We just returned stateside after spending most of February in Guyana, the only Caribbean state that’s not an island. Locals call Guyana “the land of many waters” and it’s a wonderfully, remarkably diverse place. We spent much of the time outside the capital Georgetown in the heart of the Rupununi savannah, which US Ambassador Hardt described to us as “one of the most remote, pristine, untouched places on Earth.” He was right. After a bush-plane flight to a one-lane landing strip in the savannah, we unloaded our instruments for a weekend at the first annual Rupununi Music Festival. We spent three days in this paradise, meeting musicians from all over Guyana and the world as well as dozens of local villagers from Annai and neighboring towns. We were the only rock band at the festival– many in the audience had never seen an electrified rock band before, so they were excited to talk to us afterward about the performance and our instruments.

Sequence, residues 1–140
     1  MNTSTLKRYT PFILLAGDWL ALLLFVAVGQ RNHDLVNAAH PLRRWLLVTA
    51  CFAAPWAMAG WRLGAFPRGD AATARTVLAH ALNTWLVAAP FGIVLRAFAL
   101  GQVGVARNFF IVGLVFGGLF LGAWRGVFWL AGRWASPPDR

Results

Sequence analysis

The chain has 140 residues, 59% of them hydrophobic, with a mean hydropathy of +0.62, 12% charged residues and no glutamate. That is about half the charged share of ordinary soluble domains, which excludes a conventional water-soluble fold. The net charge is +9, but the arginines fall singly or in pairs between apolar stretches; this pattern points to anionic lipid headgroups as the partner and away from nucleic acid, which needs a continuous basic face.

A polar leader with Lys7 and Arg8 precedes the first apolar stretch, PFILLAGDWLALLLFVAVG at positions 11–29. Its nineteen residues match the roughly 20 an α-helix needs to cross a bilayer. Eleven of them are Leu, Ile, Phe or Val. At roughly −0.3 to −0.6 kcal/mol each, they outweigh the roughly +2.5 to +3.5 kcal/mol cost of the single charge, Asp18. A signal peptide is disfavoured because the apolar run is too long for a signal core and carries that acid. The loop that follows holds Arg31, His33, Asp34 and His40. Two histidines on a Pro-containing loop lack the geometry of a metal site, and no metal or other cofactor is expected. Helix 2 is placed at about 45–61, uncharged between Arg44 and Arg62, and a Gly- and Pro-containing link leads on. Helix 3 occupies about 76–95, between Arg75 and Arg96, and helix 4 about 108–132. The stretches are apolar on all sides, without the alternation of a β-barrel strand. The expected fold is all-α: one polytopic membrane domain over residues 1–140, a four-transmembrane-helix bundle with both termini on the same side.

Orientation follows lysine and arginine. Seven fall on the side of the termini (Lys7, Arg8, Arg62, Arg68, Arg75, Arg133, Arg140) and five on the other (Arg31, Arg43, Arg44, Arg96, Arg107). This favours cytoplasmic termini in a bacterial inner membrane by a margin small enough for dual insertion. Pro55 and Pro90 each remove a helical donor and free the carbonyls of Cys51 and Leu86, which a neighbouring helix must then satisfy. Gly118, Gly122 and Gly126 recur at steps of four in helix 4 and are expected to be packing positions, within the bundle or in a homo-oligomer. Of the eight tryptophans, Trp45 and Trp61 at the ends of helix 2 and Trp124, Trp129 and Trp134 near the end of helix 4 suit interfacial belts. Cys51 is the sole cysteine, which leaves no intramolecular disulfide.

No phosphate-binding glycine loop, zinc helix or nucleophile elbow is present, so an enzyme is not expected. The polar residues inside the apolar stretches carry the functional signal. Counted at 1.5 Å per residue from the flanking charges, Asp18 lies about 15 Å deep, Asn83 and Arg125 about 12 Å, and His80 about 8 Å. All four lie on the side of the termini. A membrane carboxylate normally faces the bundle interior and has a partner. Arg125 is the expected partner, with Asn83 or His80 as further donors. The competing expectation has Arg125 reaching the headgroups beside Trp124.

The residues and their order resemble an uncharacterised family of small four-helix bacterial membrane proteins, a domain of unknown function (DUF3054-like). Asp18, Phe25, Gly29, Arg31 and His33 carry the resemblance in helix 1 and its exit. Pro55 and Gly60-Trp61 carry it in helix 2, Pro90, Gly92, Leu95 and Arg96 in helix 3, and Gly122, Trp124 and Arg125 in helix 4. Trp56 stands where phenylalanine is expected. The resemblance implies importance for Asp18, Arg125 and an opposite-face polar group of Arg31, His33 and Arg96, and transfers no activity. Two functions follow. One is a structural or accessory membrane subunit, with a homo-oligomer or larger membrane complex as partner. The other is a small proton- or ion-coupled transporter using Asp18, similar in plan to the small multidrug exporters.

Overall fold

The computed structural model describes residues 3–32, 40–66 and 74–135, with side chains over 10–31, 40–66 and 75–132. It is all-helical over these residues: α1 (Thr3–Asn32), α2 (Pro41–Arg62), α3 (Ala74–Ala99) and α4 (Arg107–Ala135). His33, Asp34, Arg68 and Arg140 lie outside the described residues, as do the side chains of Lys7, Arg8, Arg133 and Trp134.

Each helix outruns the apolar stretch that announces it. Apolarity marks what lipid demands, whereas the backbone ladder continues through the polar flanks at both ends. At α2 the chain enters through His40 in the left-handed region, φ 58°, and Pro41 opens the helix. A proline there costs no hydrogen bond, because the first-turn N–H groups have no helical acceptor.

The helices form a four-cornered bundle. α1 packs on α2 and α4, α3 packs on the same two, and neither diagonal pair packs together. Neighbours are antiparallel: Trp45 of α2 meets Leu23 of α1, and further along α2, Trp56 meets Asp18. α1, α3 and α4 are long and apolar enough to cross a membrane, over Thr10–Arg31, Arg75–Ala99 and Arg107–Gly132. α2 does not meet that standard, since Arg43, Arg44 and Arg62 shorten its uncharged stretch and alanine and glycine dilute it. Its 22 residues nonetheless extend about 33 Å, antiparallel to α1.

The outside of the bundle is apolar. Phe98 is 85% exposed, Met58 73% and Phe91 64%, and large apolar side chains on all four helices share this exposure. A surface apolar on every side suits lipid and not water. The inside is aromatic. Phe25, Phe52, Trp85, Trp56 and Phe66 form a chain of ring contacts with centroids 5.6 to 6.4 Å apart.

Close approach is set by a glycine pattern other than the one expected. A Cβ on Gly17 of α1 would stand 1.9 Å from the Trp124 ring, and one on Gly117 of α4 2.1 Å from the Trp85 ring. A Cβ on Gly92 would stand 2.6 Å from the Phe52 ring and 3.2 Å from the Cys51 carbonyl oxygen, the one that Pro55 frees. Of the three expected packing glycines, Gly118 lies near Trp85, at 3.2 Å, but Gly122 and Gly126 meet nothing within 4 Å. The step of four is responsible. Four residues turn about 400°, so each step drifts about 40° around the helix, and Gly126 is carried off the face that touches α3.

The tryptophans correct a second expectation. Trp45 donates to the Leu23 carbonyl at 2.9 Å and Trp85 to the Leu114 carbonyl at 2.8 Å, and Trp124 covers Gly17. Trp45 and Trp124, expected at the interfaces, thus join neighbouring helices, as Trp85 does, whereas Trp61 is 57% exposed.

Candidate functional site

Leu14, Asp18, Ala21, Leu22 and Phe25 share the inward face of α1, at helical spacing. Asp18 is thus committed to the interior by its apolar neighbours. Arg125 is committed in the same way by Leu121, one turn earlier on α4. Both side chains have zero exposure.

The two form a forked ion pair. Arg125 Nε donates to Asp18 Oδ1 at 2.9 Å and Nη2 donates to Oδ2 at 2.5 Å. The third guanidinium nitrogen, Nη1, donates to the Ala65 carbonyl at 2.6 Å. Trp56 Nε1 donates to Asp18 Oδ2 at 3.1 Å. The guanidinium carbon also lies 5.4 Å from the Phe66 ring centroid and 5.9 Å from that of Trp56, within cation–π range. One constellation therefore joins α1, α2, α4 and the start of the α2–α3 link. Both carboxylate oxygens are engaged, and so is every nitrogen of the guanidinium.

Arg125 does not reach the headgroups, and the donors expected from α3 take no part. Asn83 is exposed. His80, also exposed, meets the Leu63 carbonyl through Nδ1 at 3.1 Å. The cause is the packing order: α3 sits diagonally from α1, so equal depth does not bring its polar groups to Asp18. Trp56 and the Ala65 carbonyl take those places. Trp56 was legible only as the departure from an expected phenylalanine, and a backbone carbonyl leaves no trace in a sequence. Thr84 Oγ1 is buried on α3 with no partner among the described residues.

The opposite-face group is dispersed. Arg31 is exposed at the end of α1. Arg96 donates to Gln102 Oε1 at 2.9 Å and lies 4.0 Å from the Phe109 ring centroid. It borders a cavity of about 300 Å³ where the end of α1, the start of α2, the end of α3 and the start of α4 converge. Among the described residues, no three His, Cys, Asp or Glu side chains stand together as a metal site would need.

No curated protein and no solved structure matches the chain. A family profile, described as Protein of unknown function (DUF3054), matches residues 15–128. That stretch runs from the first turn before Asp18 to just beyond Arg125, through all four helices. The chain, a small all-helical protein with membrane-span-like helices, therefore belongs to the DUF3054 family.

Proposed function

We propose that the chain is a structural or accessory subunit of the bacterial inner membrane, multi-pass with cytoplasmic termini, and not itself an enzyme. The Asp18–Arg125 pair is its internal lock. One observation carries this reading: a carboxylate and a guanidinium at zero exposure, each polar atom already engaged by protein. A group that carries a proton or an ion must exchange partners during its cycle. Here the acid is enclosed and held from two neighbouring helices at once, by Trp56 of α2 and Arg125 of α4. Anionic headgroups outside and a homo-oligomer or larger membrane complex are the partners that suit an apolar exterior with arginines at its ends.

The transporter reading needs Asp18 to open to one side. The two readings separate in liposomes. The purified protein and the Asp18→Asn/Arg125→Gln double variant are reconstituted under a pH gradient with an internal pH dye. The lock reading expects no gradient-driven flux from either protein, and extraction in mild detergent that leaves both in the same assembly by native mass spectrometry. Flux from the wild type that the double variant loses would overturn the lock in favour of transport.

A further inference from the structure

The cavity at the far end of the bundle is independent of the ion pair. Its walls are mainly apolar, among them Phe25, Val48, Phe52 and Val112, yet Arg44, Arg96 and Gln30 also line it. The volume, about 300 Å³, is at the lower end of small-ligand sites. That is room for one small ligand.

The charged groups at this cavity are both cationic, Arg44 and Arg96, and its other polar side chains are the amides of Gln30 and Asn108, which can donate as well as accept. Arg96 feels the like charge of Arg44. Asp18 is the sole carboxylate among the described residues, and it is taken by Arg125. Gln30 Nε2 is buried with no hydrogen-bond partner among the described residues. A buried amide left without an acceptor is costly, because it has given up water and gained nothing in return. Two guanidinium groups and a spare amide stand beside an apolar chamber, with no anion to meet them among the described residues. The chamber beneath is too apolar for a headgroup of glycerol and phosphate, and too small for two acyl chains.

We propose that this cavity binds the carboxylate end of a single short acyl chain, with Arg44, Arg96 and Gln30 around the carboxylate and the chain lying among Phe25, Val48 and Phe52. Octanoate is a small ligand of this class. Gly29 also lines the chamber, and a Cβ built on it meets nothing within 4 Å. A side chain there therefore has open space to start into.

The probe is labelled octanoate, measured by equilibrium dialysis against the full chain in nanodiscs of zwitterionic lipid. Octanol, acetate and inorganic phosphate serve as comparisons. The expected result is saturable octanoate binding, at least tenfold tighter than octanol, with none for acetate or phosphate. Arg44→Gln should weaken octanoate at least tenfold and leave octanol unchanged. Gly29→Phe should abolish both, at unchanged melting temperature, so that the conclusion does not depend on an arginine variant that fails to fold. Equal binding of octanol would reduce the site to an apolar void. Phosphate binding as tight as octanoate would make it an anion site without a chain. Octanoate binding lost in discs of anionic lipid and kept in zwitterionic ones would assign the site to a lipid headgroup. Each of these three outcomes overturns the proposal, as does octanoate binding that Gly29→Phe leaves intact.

After the festival, we drove on a 300-mile dirt road back to Georgetown through narrow, red-mud roads that weaved us through the rainforest like a scene out of Jurassic park. We spent the final week performing to audiences throughout the city, as well as leading master classes at many of the middle and high schools in Guyana, such as Queens College, the National School of Music, Kuru Kuru Training Center, and the Ptolemy Rehabilitation Center.
To all in Guyana, thanks for welcoming us to your beautiful homeland. We will forever cherish the memories and look forward to our continued friendship.